McLaren’s new 720S, or P14 in codename terms, has been unveiled in Geneva, and its unconventional styling proved something of a genuine surprise. The new Super Series model replaces the current 650S and the first cars are due to be delivered in May – UK prices are set to start from £208,600.
It’s light for a contemporary supercar, coming in at 1283kg, so with 710bhp on tap, it delivers some impressive performance figures. How does 212mph and 0-124mph in 7.8 seconds grab you? That’s not far off giving the P1 hypercar a run for its money – and far too quick for UK roads.
What about those looks?
Let’s not beat around the bush, those looks are interesting. It’s an all-new design, and led very much by the windtunnel. But the eye-socket active LED headlights are striking (and hardly pretty), although they are functional, directing cooling air to the car’s lower temperature radiators and its diffuser.
As with its predecessor, the 720S comes with dihedral doors and prominent side radiators. There’s a full-width, hydraulically-actuated rear wing, which brings much-needed downforce. And under the skin, it’s all new, underpinned by what is called the Monocage II carbonfibre tub.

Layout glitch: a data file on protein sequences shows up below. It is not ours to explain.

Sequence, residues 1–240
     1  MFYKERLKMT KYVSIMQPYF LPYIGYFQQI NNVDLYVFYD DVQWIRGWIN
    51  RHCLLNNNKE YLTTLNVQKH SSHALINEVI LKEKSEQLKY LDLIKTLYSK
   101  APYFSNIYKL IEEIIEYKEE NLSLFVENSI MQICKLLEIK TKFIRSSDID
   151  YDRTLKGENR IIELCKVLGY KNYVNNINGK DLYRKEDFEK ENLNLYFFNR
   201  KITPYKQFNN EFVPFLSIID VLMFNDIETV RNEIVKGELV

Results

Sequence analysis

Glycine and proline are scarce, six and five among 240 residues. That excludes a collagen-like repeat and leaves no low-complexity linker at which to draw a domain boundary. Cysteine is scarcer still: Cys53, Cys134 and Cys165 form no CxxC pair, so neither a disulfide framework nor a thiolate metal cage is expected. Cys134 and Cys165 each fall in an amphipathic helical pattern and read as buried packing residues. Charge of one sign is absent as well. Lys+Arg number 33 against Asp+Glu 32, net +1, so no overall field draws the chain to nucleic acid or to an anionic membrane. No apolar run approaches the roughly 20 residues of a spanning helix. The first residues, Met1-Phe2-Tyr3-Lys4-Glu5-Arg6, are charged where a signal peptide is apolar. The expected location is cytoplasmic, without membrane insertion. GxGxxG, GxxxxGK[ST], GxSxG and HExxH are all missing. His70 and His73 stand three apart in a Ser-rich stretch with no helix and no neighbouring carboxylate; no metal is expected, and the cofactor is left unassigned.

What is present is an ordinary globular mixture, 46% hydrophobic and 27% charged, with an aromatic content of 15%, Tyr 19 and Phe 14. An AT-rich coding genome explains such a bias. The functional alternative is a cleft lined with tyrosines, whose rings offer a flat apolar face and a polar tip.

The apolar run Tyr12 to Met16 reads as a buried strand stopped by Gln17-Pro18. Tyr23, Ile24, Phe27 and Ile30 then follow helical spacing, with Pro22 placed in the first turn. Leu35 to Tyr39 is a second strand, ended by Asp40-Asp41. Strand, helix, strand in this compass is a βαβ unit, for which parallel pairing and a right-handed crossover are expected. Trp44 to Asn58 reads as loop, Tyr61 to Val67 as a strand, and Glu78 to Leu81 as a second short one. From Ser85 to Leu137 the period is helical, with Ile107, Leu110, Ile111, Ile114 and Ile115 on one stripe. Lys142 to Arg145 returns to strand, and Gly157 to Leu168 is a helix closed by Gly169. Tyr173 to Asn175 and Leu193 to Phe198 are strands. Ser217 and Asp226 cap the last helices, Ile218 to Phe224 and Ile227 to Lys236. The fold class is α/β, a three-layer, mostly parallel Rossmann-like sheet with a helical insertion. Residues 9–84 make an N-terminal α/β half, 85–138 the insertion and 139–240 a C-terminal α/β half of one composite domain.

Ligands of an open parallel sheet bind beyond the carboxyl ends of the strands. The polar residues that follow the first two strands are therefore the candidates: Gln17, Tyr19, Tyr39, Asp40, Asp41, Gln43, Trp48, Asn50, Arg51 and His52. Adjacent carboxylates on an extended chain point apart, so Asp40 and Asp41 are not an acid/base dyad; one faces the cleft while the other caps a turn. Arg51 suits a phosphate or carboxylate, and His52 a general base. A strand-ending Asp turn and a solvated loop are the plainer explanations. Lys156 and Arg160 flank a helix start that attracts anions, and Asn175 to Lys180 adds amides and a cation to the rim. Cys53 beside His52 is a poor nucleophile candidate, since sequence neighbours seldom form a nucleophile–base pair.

A new engine, too…
The pace of McLaren’s development as a supercar manufacturer shines through here, too. It’s powered by the new M840T 4.0-litre twin-turbo V8. It sports a cast aluminium inlet plenum, lighter pistons, conrods and crankshaft, as well as a new and more efficient turbocharger – in effect it’s 40 per cent new.
The transmission is a revised version of the old seven-speed SSG double-clutch unit. You get a choice of full automatic or manual modes, which in all likelihood, will be mostly used in the former mode by drivers on the road. Finally, it comes with McLaren’s Proactive Chassis Control II system – just the thing for a rutted M25 at 47mph.
Is the Editor of the Parkers website and price guide, formerly editor of Classic Car Weekly, and launch editor/creator of Modern Classics magazine. Has contributed to various motoring titles including Octane, Practical Classics, Evo, Honest John, CAR magazine, Autocar, Pistonheads, Diesel Car, Practical Performance Car, Performance French Car, Car Mechanics, Jaguar World Monthly, MG Enthusiast, Modern MINI, Practical Classics, Fifth Gear Website, Radio 4, and the the Motoring Independent...
Likes 'conditionally challenged' motors and taking them on unfeasible adventures all across Europe.
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